For the Summer issue of Interview , I was tasked with the joy of asking nine esteemed architects about their favorite tacky Los Angeles buildings. And, in the process, I got the chance to speak at length with the person who paved the way for this question to even be asked critically: Denise Scott Brown
Dr. Reisman, delivering some closed-mouth therapeutic acumen. Like thousands of viewers, I was enchanted by Big Little Lies and the tales of the Monterey Five when it debuted on HBO in early 2017. Like millions of other viewers, I was delighted when it was announced the show would be returning for a second season, casting off its limited series status for that of a full-fledged drama.
That Time When is Interview’ s weekly trip through the pop cultural space-time continuum, where we return to some of the most overlooked moments from issues past.
How do you talk about God on television? How do you talk about getting rebuked for washing your feet with your socks on because “Dirt in your toe is dirt on your heart?” How do you, as the first Muslim-American TV comedy, successfully communicate that experience for the streaming era, dating apps and start-ups and falafel outings and all?
WorldPride has finally descended upon our metropolis, and because nothing good ever comes easy, humidity is rising, and the barometer’s getting low.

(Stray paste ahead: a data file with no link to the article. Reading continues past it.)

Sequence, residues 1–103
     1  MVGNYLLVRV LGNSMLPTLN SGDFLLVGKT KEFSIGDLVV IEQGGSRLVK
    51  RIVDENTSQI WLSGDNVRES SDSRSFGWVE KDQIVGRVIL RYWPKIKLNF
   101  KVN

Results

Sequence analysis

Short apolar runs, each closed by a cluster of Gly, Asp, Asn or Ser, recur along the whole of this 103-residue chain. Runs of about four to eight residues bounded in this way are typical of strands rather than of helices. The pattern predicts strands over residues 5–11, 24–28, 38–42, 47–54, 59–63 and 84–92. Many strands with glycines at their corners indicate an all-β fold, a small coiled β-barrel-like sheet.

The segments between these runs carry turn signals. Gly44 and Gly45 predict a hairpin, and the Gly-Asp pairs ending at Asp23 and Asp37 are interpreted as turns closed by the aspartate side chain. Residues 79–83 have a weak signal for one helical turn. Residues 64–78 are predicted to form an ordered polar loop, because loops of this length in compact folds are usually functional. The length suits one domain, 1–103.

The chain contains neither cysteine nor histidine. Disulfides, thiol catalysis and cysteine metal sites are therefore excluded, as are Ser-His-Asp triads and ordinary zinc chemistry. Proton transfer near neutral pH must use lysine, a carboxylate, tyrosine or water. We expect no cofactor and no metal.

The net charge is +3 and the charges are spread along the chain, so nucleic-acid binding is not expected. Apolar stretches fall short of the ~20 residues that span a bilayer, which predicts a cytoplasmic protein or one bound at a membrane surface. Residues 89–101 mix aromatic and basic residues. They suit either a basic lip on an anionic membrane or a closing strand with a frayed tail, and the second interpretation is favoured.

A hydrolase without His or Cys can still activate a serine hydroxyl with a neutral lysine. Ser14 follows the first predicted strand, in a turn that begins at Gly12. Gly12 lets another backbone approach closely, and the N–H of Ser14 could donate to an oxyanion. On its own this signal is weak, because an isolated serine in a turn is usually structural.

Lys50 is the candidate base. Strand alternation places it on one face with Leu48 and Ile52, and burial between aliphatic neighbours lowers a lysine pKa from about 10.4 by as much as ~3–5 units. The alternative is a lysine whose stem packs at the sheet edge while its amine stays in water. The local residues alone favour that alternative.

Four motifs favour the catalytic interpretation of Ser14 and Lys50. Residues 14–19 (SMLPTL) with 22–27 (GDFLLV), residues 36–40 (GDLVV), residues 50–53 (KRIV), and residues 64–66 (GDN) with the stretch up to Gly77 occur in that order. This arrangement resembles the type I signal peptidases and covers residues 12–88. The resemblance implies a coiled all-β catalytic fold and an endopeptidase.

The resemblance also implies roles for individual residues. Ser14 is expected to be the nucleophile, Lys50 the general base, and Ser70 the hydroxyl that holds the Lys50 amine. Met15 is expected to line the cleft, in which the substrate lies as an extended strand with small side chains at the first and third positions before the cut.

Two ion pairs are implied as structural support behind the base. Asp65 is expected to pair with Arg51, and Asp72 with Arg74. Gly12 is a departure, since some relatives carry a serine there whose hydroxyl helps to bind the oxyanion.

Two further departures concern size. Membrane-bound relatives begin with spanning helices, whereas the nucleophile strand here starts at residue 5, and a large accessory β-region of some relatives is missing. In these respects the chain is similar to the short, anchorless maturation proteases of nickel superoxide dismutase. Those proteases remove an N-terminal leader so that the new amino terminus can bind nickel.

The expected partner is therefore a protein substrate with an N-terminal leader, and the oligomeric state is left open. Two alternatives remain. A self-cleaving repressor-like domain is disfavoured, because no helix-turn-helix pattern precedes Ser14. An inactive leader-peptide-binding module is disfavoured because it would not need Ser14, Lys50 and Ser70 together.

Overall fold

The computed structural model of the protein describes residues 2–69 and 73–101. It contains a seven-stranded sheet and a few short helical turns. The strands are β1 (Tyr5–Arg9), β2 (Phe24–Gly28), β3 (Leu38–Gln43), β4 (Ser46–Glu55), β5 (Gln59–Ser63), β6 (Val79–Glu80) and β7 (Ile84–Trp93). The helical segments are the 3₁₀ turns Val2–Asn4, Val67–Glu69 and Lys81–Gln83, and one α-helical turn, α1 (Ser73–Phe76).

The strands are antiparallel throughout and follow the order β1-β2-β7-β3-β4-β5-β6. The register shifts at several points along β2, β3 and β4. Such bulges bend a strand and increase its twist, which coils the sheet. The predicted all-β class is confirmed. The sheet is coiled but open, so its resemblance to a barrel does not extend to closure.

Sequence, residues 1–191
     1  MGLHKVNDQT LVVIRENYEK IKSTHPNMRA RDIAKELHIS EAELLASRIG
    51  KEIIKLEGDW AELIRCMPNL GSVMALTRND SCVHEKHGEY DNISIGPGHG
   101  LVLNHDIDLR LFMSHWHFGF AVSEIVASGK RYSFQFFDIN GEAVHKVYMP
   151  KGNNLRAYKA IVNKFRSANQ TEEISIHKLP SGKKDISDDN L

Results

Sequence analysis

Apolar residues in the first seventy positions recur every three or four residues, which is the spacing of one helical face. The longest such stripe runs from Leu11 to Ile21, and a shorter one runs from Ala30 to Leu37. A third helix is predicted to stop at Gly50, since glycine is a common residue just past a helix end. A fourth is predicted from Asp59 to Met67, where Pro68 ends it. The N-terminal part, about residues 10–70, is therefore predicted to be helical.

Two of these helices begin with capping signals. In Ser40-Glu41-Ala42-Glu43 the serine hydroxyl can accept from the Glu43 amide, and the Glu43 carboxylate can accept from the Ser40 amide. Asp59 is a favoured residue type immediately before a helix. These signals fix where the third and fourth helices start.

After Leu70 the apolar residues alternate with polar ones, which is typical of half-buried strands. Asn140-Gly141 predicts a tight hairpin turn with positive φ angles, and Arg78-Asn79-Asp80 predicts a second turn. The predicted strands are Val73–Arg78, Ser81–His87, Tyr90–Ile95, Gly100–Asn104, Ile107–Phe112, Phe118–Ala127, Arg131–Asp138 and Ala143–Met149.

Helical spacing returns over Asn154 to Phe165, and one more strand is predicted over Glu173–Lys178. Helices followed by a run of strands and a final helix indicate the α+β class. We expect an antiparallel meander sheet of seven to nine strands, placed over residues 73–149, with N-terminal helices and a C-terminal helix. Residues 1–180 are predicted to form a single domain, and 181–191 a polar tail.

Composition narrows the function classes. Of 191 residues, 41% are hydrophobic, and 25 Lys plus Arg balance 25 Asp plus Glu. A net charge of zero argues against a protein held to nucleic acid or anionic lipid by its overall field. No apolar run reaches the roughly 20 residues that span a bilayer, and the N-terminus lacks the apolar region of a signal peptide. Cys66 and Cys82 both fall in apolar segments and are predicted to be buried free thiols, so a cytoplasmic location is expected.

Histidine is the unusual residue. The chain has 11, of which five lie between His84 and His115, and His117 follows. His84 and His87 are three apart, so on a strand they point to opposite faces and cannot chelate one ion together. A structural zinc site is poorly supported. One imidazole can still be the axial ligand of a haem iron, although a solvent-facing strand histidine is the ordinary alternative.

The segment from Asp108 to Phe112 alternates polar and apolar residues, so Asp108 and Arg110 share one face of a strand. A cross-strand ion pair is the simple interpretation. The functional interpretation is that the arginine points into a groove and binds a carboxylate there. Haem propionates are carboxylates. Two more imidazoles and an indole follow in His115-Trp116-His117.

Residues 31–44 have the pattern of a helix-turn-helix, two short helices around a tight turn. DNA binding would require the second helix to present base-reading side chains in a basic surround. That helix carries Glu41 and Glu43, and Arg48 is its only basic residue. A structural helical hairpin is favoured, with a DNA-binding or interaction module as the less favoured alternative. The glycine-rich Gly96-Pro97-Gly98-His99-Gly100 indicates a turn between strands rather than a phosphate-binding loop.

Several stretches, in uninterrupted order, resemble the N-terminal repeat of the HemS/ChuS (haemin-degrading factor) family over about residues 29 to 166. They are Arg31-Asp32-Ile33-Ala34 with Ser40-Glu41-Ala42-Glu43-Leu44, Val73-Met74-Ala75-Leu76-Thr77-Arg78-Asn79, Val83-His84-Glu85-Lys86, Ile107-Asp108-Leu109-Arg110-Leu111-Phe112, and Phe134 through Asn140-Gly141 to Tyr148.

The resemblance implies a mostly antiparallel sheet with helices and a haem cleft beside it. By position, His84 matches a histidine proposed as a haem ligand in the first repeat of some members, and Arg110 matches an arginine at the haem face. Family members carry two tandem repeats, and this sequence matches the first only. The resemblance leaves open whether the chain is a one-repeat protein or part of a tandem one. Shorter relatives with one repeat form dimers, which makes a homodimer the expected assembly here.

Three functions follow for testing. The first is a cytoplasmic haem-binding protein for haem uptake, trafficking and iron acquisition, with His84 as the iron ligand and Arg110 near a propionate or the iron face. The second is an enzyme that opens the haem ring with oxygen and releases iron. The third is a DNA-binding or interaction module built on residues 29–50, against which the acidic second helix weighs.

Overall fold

Only in Los Angeles can a street part the sea between colonial faux-villas and William Gibson-esque skyscrapers. In pursuit of the city’s most charming—read: most tragic—structures, we asked a few award-winning architects (and the world’s most famous mistress of the dark ) to list the best of the worst
Backdrop by Fabio’s laptop bag. A local psychic studies the soul of the vitamin entrepreneur, romance novel heartthrob, and I Can’t Believe It’s Not Butter! icon
It’s a well-known fact in the LGBTQ community that reading is fundamental . So it only made sense that the notorious queen, actor, author , and wig-wearer Willam took over the Owl Bureau bookstore in Highland Park, Los Angeles, to kick off Pride with a series of debaucherous readings and performances.
Photo: Erik Tanner. Most readers have gotten to know Taffy Brodesser-Akner as the woman behind the tape recorder, tackling the most talked-about figures in the zeitgeist with profiles to chew over a Sunday morning bagel. For her New York Times Magazine cover story on Gwyneth Paltrow, Brodesser-Akner went where many a wellness blogger go—the In Goop Health summit —albeit rarely with such a keen critical eye: “I pulled down my pants for a man in scrubs who was giving out B12 shots, never telling him my secret, that I’d been taking the Goop vitamins and my urine was already a fluorescent yellow—no, gold—a superfood elixir.” Brodesser-Akner writes with a wink at the preposterous vanity of celebrity culture, turning a delectable phrase on everything from Bradley Cooper’s existential crisis to Marie Kondo’s “Ruthless War on Stuff.” Having made a career chronicling the lives of figures elusive, perplexing, and moneyed, the tables are now, thankfully, being turned
Western Avenue through the eyes of Google Street View.